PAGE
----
In Cusco, every corner is full of history. Because the ancient capital of Peru (during the Inca Empire), still maintains vestiges of what was the most important power of this ancient civilization.
The millenary history is breathed in every step you take through the streets of its towns, which seem to have stopped in time. Its cities are filled with so much mysticism that you will never want to leave. And if you have to leave, there will always be that desire that consumes you inside to return as soon as possible.
The food of Cusco carries the Andean and Spanish tradition in the preparation of their stews. It is a mixture of two trends that combine to give a delicacy of really delicious dishes.
The first brings ingredients typical of Peru such as potatoes, corn, quinoa, guinea pigs, chili peppers and various condiments such as huacatay or aji panca paste; and the other the use of meats such as mutton and pork. Likewise, the methods of boiling when preparing meals.
Over the years, many foods have changed, however, the picanterias and the famous chicherias remain through the years. In many restaurants we can find these Cusquenian dishes.
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Let’s find out more about what Cusco can offer the Millenary city awaits for you to discover its exquisite taste which always makes Peruvian proud:
Pepián de cuy (guinea pig stew)
It is a stew of corn and guinea pig meat, seasoned with onion and aji panca bell pepper. After peeling it in boiled water, the entrails are removed from the guinea pig and it is cut into several pieces, which are dusted with corn flour to fry it in very hot oil. In another pot, prepare a dressing of onion, golden garlic and red chili bell pepper. The guinea pigs are seasoned and peanuts are added to taste. The avocado is served with rice and boiled sandy potatoes.
Chuño cola or Lawa of chuño
Delicious stew of Inca origin. It is a spicy broth made of potatoes, chuño, chickpeas, rice, and various meats. In a liter of broth, boil Serrano sausages, a handful of rice, green beans, and cut peeled potatoes. When everything is cooked, chuño flour dissolved in cold water is added. The mixture is stirred with a wooden spoon called wisla and it is left to cook until it is ready. This dish is eaten at any time of the year.
Timpu or puchero
It is a typical dish of the carnival season. It is a clado that has different meats, vegetables, legumes and more. A cow or lamb breast and bacon are boiled. When it is boiling, cabbage leaves, potatoes, chickpeas and rice, already prepared, are added. In another pot boil sweet potatoes, pears and yuccas. The broth is served separately.
Cusco Style : Chicharrón
The pork meat is cut into pieces and browned in its own fat. It is served at breakfast. The pork or pig is prepared in pieces with its bone in a pot. When boiling, the meat releases its fat, the liquid is consumed and it browns little by little. It is cut, salted and served with corn, potato or yucca. They also serve it as a snack in patron saint or religious festivities to share as the Qoyllur Riti for example. Nowadays it is served with bread.
Chancho al horno or lechón al horno
Roast suckling pig or pork is served as a snack. Pieces of pork with bone are chosen, washed, seasoned and macerated with salt, pepper, ground chili, vinegar, beer or sillao and ground aji panca chili. It is left to macerate for 24 to 48 hours. Then it is baked over low heat until it is ready. It is served with yuccas and mote. This dish can be found in several restaurants in Lima.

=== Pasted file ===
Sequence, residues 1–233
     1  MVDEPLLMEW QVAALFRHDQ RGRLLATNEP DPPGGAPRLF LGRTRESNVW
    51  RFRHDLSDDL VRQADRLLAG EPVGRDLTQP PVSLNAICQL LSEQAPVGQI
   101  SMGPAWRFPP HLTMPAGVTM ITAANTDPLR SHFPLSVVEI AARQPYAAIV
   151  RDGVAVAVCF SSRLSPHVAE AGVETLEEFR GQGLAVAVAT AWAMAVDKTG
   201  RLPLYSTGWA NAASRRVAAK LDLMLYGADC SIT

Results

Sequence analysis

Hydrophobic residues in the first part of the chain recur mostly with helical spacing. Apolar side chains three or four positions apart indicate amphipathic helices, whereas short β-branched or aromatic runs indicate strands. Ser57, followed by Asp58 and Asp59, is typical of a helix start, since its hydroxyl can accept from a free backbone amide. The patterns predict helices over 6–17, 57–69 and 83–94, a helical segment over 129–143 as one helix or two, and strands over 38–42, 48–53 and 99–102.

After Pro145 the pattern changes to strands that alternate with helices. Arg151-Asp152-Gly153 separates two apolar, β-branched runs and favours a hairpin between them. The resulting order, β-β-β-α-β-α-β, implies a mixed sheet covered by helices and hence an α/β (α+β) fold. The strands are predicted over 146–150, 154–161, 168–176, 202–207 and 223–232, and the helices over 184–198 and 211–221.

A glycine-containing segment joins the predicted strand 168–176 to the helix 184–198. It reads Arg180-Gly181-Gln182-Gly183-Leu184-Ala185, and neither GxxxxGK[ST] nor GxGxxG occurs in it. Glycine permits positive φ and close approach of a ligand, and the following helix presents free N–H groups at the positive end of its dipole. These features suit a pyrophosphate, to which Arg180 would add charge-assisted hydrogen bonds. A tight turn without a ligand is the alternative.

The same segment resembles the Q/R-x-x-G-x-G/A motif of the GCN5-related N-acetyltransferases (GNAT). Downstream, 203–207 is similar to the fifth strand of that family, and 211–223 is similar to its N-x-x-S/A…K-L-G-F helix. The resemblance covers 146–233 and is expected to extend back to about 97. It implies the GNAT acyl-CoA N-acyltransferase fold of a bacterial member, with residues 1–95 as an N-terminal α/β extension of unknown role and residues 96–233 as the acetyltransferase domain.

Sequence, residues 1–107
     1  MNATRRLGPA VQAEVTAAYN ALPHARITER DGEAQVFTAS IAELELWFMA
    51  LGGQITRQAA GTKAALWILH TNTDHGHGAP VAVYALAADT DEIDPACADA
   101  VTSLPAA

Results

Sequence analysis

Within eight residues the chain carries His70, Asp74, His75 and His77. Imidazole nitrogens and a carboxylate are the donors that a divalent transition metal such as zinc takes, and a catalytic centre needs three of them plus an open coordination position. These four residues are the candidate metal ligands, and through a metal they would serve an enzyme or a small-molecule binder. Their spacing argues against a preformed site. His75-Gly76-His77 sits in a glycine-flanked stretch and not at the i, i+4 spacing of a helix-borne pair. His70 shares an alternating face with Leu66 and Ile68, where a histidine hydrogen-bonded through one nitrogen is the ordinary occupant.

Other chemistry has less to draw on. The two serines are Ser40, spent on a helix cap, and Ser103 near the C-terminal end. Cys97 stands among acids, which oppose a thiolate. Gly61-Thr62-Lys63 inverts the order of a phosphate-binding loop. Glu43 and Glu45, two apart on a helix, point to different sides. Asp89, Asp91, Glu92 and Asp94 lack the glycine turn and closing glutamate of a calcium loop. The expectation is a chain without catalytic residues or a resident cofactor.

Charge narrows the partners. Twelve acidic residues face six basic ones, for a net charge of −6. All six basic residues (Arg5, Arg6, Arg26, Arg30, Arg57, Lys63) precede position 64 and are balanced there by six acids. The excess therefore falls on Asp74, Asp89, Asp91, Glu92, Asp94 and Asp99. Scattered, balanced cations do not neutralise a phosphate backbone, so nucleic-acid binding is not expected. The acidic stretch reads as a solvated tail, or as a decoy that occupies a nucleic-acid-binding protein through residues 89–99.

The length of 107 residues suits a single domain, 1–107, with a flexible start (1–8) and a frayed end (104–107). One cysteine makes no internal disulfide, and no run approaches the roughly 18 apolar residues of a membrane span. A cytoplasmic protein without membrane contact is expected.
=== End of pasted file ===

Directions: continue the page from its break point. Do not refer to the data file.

Cuy a la piedra or cuy chactado (guinea pig)
This is a typical dish of Cusquenian and Arequipa gastronomy. The guinea pig is fried in abundant oil under a stone that serves as a lid. It is usually accompanied with boiled potatoes, fried yucca, corn, salsa criolla, etc.
It is a very nutritious dish and the dish is presented with the whole guinea pig. It is served with boiled potatoes and then browned in the pan and with huacatay chili. It is accompanied with chicha morada or chicha de jora. It is a special dish of the Peruvian Andean zones.
Cusco most popular drinks:
Aqha or Chicha de Jora
(yellow chicha), is an alcoholic beverage inherited from Inkan times, prepared from dried and germinated yellow corn that is ground and then boiled. The liquid is sifted in large baskets of “carrizo” reeds with “ichu” or straw, and fermented for three days in “rakis” or ceramic vessels; at the end of the process this drink should have more or less 3% alcoholic content.
Its elaboration is very similar to that of chicha de jora, with the difference that liquefied strawberries (from the Sacred Valley) are added to it, which gives it a special flavor.
Chicha of Quinoa or Kiwicha
These are refreshing, non-alcoholic beverages prepared from quinoa flour (Chenopodium quinoa) or kiwicha (Amaranthus caudatus) without fermentation.
Mate de Coca (tea)
It is an infusion of natural coca leaves (Erythroxilon). It is preferred in the Andean towns for its medicinal properties; it helps to reduce the discomfort caused by altitude, such as dizziness, drowsiness, headaches, etc. People also drink it to soothe their throat ailments and when they have stomach problems.
It’s very popular in frigid areas, consisting of a cup of normal or oriental tea to which a few glasses of sugar cane brandy are added.Finally, we know that you have to keep communication with your relatives and friends, that you need to be able to orient yourself in new cities, that you might need help with translation and that you might need to search for restaurants or hotels. That’s why with PeruSIM you can buy a SIM card including the data plan of your need without having to worry about high roaming costs.